I'll start with the original post.
First thing that comes up is the metal stand. I just want to mention I work with metal for a living, and have training in structural welding. If this was not the case I would not have put my oven on a metal stand. Make sure that yourself or whoever fabricates the stand has the experience needed to make it safe. An oven collapse could easily kill some one, safety must be your first concern so build quality must be #1. Same goes for the casters, use only top quality industrial casters rated for the intended load.
As for insulation on top of the dome, traditional or not I would insulate the heck out of it. Even if you can confirm that traditional ovens have sand over top of them in place of insulation and insist on going this route(I wouldn't) I would still insulate well over top of the sand.
Now for the questions in your second post.
Tuff is a volcanic rock, much like pumice or scoria. It is light and full of air cavities, so it certainly insulates. From what I've seen it is formed into rough bricks and a layer is put under the cooking floor much like any other underfloor insulation. That said I have no clue where you would get it, and just don't think it would be worth the hassle. Insulation is insulation and I am sure modern insulators are just as good and probably even better.
I've never used FB board, but I do know it is made in asia and many people comment it is much softer then other insulating boards. You should be able to find cal sil board locally if you want to use a refractory board under the floor.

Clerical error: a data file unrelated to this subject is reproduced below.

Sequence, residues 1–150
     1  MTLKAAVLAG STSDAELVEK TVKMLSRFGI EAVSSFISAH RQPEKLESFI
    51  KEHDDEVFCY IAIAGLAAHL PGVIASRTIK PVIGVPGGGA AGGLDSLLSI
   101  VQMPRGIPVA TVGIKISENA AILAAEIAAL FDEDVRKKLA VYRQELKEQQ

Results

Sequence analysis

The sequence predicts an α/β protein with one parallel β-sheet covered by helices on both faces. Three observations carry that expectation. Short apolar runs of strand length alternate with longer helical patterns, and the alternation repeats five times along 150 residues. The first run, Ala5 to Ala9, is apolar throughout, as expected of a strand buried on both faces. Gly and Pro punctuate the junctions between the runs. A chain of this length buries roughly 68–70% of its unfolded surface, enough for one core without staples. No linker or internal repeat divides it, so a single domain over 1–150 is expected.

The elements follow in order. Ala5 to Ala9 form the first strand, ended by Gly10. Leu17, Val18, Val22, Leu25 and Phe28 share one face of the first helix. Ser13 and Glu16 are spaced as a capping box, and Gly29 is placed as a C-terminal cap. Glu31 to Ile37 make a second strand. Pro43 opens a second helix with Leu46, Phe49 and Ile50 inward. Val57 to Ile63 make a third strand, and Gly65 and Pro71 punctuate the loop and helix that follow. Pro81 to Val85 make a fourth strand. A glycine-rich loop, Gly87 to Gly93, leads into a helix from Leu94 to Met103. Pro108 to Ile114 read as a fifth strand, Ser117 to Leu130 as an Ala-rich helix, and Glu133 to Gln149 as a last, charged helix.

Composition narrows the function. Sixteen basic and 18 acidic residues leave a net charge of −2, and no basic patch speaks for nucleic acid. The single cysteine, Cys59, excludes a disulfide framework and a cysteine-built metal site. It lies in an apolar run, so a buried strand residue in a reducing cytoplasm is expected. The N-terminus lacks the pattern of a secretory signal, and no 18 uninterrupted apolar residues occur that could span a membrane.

Vermiculite and Portland and Perlite and Portland will yield similar results. I personally like the Perlite a bit more but whatever is cheaper is the way to go. 4 inches thick is plenty, but if you want to go over kill 6 inches would be more then enough.
65mm should be plenty thick for the floor.
On to Craig's Acunto,
I've noticed in pictures it seems to be built different then a SF oven(the soldier bricks look to have their wide side facing in), and this sounds like another difference. SF has the specs for their ovens listed on their website. If you do the math the mobile oven has no space for insulation around the soldier once the brick thickness is factored in. The stationary oven does, but we are talking about a mobile oven. I tend to default to SF as the standard simply because it is the most documented and people all over the world rave about them so I assume they are a good representative. I have also read a quote from a famous italian pizza maker(can't remember who or find the quote like a dummy) that SF puts a secret mix of salt over the dome and it is the one part of the build he will not let anyone see. I'd love to hear everything you know about the insulation on your Acunto.
Think that is all for now...